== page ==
New X-Files Episode ‘This’ Simulates A Plausible New World Order

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Mulder and Scully shoot some Russian mercs in Season 11 Episode 2 "This."
Mulder and Scully shoot some Russian mercs in Season 11 Episode 2 "This." 20th Century Fox Television

“This,” the latest Season 11 episode of The X-Files, is not only far better than the season premiere “My Struggle III,” but also a decent enough sequel to one of the all-time great X-Files episodes, Season 5’s “Kill Switch.”

In “Kill Switch,” written by cyberpunk writers Tom Maddox and William Gibson, a malevolent AI with an orbital space laser systematically wiped out anyone capable of threatening it, but the plot took a late-episode turn into brain simulation, with Mulder narrowly avoiding a forced upload of his consciousness into a glitchy simulated reality.

So when Richard Langly, a long-dead member of the Lone Gunmen, pops up on Mulder’s phone, it may not come as a surprise to learn it’s a digital simulation, his consciousness uploaded into a supra-NSA simulated reality and bent to the will of the world’s ruling elite.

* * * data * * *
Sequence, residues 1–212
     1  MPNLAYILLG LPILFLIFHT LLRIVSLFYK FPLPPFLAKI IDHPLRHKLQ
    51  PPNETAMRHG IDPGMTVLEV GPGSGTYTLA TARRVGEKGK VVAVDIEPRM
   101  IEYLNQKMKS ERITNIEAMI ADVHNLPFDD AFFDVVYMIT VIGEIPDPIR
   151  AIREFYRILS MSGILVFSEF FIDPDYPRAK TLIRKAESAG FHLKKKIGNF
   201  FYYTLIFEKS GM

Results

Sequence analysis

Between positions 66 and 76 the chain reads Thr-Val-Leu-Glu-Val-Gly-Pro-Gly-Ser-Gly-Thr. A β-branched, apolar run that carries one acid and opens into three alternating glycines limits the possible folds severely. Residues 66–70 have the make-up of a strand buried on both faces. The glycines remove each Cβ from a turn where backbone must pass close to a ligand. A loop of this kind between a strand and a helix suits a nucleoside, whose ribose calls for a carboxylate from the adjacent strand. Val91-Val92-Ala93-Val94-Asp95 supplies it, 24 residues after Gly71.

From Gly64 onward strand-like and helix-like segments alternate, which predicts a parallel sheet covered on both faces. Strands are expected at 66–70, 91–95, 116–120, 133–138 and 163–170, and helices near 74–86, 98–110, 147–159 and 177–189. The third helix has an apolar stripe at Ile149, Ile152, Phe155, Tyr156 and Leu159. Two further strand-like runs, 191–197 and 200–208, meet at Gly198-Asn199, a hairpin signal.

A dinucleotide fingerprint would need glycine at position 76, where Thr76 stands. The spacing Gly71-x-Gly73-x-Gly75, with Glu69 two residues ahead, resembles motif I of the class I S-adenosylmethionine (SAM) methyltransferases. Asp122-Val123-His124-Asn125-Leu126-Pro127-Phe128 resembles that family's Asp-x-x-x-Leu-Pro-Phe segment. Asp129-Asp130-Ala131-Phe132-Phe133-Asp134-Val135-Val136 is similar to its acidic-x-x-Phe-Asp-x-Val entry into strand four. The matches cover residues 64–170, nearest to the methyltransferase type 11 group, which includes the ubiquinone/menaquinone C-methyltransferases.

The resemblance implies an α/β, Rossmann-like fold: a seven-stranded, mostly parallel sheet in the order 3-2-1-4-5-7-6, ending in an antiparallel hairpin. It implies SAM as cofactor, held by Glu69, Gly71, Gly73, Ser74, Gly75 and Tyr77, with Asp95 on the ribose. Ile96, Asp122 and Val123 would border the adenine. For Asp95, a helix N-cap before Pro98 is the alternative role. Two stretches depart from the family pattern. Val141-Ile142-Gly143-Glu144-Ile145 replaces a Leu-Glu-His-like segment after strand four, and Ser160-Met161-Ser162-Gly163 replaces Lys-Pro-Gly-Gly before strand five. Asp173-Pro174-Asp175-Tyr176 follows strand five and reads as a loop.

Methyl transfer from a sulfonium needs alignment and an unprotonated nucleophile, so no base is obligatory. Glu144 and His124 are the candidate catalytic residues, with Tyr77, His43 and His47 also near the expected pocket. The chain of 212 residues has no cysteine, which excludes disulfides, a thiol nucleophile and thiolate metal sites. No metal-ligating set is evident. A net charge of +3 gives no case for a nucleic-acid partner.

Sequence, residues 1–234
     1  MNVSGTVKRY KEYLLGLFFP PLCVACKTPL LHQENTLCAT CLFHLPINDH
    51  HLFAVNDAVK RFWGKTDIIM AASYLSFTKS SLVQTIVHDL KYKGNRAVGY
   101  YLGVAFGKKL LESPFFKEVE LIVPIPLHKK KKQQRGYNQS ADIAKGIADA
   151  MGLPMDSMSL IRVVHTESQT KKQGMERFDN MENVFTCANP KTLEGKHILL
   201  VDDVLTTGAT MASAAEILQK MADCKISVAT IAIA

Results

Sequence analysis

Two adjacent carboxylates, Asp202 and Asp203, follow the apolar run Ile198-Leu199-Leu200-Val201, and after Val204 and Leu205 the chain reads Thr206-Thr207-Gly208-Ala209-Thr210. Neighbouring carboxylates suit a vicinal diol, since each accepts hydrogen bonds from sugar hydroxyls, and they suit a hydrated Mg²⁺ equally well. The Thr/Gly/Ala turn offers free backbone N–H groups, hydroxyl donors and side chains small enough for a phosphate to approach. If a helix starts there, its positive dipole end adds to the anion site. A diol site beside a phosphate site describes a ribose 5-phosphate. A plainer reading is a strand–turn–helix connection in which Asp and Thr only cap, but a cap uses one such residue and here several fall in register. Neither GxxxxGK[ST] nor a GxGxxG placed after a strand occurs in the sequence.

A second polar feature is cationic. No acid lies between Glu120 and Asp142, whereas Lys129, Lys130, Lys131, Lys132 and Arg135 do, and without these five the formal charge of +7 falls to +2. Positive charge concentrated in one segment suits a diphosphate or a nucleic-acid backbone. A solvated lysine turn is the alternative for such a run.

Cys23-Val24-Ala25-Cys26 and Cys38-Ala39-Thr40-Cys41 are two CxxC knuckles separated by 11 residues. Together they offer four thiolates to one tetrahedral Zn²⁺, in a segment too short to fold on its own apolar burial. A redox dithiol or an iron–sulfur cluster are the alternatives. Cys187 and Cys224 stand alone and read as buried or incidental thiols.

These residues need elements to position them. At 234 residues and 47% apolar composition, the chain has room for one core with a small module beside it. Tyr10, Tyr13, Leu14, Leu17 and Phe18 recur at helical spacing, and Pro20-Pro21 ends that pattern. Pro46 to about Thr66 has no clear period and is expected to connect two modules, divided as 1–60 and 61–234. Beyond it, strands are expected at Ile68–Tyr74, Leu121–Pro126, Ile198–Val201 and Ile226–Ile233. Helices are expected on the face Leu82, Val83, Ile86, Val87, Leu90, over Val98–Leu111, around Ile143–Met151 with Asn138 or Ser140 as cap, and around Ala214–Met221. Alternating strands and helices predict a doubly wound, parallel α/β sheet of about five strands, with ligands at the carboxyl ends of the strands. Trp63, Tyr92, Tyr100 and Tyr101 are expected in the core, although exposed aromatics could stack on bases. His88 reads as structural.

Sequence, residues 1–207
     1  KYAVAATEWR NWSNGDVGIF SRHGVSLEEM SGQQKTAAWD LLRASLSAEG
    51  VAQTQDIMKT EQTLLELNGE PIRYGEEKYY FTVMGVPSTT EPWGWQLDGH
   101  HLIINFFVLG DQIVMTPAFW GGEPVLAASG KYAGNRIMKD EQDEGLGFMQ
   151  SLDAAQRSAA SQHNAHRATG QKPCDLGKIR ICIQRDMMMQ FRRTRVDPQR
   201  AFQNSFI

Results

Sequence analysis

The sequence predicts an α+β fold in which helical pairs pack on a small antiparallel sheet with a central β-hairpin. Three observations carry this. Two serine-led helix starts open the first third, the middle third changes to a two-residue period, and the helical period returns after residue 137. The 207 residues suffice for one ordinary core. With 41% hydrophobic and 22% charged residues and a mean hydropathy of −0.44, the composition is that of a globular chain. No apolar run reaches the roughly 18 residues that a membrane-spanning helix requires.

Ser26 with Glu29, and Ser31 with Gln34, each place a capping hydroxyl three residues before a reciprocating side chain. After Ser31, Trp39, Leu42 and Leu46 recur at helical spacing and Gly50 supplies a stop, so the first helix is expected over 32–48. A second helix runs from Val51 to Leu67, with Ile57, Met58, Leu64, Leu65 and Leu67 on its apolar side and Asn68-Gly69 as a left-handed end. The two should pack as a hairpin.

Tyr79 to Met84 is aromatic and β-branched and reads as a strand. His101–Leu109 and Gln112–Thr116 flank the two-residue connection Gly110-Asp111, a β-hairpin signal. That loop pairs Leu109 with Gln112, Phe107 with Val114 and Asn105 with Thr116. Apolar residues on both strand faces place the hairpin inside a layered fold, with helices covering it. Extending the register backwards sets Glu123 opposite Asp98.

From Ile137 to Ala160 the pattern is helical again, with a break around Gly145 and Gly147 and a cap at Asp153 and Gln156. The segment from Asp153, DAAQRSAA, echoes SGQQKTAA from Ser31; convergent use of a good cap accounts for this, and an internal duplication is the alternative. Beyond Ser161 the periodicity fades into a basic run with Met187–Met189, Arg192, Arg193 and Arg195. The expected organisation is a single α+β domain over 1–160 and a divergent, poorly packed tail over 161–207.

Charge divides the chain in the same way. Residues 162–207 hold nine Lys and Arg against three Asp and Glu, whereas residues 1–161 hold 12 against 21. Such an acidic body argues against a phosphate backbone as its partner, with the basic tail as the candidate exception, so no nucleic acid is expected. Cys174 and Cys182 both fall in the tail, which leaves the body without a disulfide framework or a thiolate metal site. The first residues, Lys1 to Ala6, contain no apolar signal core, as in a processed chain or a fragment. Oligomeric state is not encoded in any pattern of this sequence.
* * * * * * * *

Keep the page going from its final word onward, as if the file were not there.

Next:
But while there’s some fun techno-speak driving “This” forward, it’s a Network -inspired encounter between Mulder and Erika Prince, who might just be the bad guy The X-Files needed after the Cigarette Smoking Man dwindled down to a deranged Mulder father-figure whose decades-long conspiracy amounts to releasing a plague in a bottle. Prince was once a member of the same Syndicate that cut a deal with the aliens (revealed to have abandoned their plan to conquer Earth because we polluted it too badly), but her own plan is opposed to the Cigarette Smoking Man’s. Her eventual goal is to populate the rest of the solar system with the world’s elite and leave the rest of us to rot, but that’s only incidental to her plot in “This.” In her boardroom conversation with Mulder, she outlines the episode’s most powerful thesis: you can’t opt out of the future.